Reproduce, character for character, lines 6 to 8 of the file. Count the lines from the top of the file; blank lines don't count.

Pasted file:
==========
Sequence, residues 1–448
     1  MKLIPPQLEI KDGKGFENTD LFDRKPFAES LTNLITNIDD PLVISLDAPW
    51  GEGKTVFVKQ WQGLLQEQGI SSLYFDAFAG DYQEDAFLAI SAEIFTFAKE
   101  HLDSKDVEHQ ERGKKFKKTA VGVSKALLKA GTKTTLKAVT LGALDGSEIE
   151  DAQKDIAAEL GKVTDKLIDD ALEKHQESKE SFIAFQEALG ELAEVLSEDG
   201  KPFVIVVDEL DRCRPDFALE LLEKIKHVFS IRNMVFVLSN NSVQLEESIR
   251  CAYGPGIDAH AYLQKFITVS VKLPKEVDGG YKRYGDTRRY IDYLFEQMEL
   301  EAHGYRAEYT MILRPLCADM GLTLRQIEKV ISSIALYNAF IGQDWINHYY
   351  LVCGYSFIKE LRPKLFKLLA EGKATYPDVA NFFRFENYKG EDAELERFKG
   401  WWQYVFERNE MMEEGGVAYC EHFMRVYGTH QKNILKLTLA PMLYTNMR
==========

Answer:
   201  KPFVIVVDEL DRCRPDFALE LLEKIKHVFS IRNMVFVLSN NSVQLEESIR
   251  CAYGPGIDAH AYLQKFITVS VKLPKEVDGG YKRYGDTRRY IDYLFEQMEL
   301  EAHGYRAEYT MILRPLCADM GLTLRQIEKV ISSIALYNAF IGQDWINHYY